Ghosh is mindful of his task as a novelist—to entertain. The confidence with which he shapes a good, old-fashioned diversion around these particular poles is instructive. Escapism has its virtues, but a book unafraid of ideas can be bracing ... Ghosh is not exactly subtle about stating his intention here, but sometimes a little clarity is nice ... The feat of Ghosh’s book is in showing us that 2019 is as bizarre and incomprehensible as the 17th-century world ... Ghosh is a practiced and capable writer; by the seventh page, we’re deep into Bengali folklore, and willing to accept this as a novelistic subject. That Ghosh is able to sustain the book’s momentum when its primary inquiry is so cerebral is no mean feat. The novel made me think of A.S. Byatt’s Possession, or Tom Stoppard’s best plays, texts that treat academic pursuit as something thrilling ... Subtlety has its virtues, but the authorial heavy hand does not grate. Of course, this is what the headlines are like these days. The truth is stranger than fiction, and Gun Island is a novel for our times.
Gun Island brims with implausibility; outlandish coincidences and chance meetings blend with ancient myth and folklore, tales of heroism and the supernatural set in a contemporary world disrupted by the constant migrations of humans and animals ... Gun Island...is keen to play with its own ridiculousness; as Deen and the professor slowly disinter the likely origins of the novel’s founding myth, their grandiose speculations often call to mind the satirical portrayal of the academic world that one might find in a David Lodge novel. Turn the page, though, and a king cobra is about to strike, or a block of masonry to fall from a building and narrowly miss one or other of our principals. If Gun Island can at times feel a touch breathless...then its underpinning is solid. Amid the freak cyclones and oxygen-starved waters comes the story – or stories – of migration across the ages; tales of escapology, of deprivation and persecution, of impossible yearnings for a new world that bring us, inexorably, to the terrified refugees on the Mediterranean. Which is, perhaps, Ghosh’s essential point; a shaggy dog story can take a very roundabout path towards reality, but it will get there in the end. It has to, or we’re all doomed.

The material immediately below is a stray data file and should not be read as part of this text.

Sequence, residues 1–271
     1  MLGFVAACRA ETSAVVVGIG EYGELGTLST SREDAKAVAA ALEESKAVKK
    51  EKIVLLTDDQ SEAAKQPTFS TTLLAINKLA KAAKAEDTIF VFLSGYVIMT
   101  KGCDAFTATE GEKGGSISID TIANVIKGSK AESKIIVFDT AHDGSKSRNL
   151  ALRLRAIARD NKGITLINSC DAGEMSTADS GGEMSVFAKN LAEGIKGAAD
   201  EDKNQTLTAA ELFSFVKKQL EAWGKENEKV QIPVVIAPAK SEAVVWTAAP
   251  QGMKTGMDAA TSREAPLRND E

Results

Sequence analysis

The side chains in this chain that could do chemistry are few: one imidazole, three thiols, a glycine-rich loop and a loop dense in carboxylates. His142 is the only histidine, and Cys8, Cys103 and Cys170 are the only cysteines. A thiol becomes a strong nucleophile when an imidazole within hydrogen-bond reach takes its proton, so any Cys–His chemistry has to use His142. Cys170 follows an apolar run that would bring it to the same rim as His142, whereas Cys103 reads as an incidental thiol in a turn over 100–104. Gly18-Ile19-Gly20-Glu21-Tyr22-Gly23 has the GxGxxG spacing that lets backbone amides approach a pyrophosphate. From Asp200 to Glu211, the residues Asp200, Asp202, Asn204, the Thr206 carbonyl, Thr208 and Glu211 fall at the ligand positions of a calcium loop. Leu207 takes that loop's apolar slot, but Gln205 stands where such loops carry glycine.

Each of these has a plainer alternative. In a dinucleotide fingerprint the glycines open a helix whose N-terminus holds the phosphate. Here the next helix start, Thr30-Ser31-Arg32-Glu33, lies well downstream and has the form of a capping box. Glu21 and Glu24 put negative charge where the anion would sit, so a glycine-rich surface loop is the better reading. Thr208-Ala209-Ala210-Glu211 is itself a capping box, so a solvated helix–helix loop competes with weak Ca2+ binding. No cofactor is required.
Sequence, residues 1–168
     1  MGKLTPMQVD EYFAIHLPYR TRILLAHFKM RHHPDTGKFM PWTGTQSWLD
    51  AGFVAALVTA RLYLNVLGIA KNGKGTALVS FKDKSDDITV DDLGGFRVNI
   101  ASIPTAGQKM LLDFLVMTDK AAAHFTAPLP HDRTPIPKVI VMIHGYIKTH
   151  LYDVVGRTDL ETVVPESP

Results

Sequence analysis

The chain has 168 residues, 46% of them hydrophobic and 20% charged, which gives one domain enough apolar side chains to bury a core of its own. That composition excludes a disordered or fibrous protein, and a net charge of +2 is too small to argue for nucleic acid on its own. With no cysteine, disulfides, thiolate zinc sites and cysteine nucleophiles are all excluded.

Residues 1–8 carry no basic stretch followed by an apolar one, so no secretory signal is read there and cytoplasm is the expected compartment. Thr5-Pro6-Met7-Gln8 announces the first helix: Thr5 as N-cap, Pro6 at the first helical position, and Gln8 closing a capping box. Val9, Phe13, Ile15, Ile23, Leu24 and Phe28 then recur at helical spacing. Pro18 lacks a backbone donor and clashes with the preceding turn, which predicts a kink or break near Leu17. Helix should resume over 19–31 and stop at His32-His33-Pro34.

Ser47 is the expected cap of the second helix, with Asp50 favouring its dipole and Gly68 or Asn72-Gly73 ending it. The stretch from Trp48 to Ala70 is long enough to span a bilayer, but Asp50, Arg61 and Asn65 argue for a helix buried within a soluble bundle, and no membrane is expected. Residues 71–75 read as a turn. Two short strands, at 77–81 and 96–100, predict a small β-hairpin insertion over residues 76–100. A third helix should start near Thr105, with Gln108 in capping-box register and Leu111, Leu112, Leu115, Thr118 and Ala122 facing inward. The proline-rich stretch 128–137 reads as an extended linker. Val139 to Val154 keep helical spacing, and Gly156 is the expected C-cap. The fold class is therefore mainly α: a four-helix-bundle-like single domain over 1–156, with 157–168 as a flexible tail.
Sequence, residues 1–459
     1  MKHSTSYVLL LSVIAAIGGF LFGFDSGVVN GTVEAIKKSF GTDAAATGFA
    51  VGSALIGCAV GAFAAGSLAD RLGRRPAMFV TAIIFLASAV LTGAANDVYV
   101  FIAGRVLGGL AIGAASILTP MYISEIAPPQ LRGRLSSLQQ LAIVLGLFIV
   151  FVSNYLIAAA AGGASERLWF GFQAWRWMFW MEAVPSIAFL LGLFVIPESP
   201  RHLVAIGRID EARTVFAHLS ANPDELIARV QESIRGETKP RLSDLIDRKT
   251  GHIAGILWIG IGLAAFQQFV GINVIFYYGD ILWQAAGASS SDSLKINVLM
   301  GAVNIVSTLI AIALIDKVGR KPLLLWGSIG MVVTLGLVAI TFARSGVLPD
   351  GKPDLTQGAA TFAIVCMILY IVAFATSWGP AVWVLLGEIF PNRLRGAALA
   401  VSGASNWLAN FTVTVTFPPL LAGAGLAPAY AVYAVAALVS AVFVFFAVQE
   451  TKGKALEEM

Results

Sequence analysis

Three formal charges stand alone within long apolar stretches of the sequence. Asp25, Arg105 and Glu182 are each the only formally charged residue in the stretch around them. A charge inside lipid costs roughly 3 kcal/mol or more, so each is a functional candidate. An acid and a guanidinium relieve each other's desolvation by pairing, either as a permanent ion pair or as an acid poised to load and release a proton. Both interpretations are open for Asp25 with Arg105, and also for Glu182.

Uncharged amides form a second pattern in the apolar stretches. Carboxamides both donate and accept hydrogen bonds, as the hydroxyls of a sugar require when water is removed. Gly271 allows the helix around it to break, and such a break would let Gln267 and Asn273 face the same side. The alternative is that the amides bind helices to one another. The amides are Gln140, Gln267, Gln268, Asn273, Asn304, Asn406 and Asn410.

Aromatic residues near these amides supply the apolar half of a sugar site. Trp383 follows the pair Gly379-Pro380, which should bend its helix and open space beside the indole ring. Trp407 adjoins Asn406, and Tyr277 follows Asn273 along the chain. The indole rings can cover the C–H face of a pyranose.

Flitting across continents, Ghosh deftly summons up a pungent sense of place, whether in the mangrove swamps of Bengal or the misty, cobbled streets of Venice. The past lurks convincingly in the present. However, you can’t help feeling bashed over the head by all the talk of cyclones, wildfires, oceanic dead zones, dolphin beachings and flooding crises. And with such a host of characters representing opinions or merely in place to move the plot along, the narrative, and particularly the dialogue, are often stilted. As such, sadly, is more a fusillade of finger-wagging than a display of sniper-like precision.